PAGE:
A couple weekends ago, the Seattle Seahawks defeated the San Francisco 49ers to advance to the Super Bowl. On a key play at the end of the game, the ball was thrown to 49ers wide receiver Michael Crabtree in the end zone. As Crabtree reached up to catch the pass, the Seahawks' cornerback Richard Sherman swooped in and batted it to a teammate for an interception that essentially ended the game.
Afterward, Sherman was interviewed about the play and instead of the typical boilerplate platitudes, he decided to go after Crabtree, saying, "Well I'm the best corner in the game! When you try me with a sorry receiver like Crabtree, that's the result you gonna get!" Whether or not Crabtree earned Sherman's ire, the underlying issue was status. Sherman is considered one of the best cornerbacks in the league, and he was going to make sure everyone remembered it—and take Crabtree down a few notches on national TV to protect that status as top dog.
A couple days after watching the interview, I was playing pick-up basketball in my church's gym. One of the players said he was elbowed as he shot the ball. The guy who was guarding him denied it. Instead of letting it go, he made it his mission for the rest of the game to shoot over his defender and mock him every time he made a shot. And it didn't stop on the court. After the game was over, the two guys kept arguing to the point that a couple other guys had to step between them to prevent a fight. What was at stake? Status. They had to settle whose opinion was going to win the day; who was going to be top dog.
When people talk about this kind of behavior after the games are over, they often excuse it by calling it passion or competitiveness or "being (positively) aggressive." But when it's boiled down, its essence is a longing to be top dog. There's a tiny Mohammed Ali in each of us, wanting to be called "The Greatest." The truth is, we are all tempted to be self-promoters. If we feel like we haven't been given due credit or been treated fairly—or sometimes, when we're simply feeling ambitious—it's hard not to try to boost our stock. I'm not suggesting that we should simply not care what others think, or let them walk all over us. I'm simply saying that this story of self-promotion is a familiar one, and Christ would have us choose instead the path of humility.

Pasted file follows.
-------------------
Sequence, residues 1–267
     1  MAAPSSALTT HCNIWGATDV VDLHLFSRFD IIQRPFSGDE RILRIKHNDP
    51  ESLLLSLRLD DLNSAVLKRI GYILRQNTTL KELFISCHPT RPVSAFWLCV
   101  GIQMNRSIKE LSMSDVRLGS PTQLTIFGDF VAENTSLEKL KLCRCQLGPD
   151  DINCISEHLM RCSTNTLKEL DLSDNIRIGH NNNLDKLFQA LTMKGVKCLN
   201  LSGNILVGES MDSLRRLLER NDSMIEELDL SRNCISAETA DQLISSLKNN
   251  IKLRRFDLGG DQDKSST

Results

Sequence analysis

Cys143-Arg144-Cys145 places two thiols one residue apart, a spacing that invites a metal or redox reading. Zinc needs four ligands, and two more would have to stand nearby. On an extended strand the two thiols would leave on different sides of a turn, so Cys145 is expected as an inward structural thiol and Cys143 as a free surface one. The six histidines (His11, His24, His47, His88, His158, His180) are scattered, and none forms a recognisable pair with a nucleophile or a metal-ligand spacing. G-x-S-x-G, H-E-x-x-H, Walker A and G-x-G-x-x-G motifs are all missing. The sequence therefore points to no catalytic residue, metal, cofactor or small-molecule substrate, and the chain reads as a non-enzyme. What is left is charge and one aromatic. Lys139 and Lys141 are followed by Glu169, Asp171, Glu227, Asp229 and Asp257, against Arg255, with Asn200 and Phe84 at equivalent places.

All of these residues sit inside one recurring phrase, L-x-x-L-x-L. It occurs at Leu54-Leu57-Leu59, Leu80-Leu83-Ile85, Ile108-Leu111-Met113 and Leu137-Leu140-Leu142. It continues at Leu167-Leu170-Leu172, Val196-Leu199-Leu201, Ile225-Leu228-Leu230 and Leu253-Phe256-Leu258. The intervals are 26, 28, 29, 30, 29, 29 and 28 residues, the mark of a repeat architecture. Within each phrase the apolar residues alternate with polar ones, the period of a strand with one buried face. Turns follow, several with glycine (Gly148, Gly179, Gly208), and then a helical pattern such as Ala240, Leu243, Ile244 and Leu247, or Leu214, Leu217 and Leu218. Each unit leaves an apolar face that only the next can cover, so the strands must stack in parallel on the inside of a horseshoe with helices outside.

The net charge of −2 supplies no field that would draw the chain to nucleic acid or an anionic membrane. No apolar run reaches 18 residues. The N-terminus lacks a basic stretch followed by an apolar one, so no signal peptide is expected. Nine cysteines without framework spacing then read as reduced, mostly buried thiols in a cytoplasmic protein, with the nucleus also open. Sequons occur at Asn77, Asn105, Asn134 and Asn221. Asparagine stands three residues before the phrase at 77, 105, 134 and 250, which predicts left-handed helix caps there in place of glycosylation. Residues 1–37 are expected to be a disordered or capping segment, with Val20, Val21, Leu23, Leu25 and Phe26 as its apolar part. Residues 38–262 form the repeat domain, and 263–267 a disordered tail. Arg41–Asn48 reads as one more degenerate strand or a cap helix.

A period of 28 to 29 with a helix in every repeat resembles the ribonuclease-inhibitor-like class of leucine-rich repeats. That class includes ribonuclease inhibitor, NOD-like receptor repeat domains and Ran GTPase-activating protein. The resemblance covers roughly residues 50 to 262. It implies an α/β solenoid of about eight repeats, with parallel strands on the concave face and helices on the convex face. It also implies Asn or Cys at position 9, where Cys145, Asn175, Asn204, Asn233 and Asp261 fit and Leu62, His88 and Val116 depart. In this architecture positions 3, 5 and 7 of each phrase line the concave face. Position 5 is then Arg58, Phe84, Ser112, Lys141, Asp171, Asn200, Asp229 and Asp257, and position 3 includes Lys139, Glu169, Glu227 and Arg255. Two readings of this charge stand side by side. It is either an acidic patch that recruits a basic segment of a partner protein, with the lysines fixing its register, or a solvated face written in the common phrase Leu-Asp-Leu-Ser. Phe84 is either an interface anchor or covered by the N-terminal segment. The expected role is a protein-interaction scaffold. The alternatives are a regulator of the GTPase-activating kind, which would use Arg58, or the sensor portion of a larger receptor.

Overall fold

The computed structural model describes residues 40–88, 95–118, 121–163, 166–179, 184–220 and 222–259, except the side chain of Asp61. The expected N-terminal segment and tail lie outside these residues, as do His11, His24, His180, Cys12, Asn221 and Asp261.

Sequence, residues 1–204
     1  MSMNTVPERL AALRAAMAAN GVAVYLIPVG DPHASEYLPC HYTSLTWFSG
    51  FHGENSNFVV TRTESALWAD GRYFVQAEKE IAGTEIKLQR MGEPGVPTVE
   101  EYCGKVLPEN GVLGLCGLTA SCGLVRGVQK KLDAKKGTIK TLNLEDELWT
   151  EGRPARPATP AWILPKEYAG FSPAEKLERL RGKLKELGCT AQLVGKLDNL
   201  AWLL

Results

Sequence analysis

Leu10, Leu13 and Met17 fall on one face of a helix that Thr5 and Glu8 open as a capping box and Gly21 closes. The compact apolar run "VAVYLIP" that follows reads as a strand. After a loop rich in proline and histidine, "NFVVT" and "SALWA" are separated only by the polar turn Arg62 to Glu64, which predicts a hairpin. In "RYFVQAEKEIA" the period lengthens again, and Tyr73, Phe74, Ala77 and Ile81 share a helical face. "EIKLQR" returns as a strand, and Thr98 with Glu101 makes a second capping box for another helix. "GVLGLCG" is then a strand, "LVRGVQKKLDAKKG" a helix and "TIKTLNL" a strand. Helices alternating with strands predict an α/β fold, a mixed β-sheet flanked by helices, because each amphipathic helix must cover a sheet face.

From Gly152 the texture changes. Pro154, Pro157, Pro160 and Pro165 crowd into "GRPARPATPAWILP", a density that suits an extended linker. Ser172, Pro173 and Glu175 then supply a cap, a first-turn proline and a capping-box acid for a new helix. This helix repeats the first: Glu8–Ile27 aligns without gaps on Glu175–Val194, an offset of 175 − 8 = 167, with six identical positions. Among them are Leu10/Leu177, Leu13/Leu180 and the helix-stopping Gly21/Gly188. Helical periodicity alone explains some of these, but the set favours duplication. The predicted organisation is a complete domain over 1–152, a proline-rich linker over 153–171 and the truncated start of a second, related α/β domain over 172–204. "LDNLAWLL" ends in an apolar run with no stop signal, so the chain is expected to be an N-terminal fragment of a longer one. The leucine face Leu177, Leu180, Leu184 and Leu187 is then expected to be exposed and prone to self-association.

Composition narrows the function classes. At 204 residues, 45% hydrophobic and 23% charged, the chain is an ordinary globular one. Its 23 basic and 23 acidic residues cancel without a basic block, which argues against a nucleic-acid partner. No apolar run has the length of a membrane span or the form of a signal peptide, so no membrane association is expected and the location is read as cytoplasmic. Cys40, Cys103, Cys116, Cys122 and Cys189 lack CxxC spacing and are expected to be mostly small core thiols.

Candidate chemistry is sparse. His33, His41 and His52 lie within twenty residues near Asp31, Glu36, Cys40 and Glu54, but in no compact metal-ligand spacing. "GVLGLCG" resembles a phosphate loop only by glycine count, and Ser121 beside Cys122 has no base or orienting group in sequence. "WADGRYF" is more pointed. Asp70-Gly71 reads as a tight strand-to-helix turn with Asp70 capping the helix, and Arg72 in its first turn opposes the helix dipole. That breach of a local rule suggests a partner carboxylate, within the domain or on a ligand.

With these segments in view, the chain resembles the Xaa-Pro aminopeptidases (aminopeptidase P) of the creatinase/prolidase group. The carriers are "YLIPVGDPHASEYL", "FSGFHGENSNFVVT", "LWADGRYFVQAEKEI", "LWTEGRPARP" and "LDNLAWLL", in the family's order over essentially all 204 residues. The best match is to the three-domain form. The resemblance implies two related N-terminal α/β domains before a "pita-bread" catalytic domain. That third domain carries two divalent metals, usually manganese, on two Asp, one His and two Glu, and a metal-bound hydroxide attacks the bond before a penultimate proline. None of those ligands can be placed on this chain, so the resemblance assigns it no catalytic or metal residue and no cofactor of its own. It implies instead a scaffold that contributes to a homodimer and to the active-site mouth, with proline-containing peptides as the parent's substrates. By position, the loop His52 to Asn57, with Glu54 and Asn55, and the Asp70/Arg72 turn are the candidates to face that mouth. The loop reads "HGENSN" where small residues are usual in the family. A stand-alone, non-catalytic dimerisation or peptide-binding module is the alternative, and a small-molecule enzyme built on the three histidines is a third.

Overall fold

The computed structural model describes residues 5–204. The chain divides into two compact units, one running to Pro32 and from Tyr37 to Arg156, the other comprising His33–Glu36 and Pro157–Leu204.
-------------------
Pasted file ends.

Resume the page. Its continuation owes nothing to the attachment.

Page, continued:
Mark 10:35–45 recounts the story of James and John jockeying for positions at Jesus's right and left in heaven (v. 37). You can't get much more self-promoting than that! Jesus's response is that the people who want to get status and honor in the kingdom of heaven must position themselves as servants (vv. 43–44). He then gives himself as an example: "For even the Son of Man came not to be served but to serve others and to give his life as a ransom for many" (v. 45). If anyone had a right to stake his claim to status it was Jesus. Instead he washed feet.
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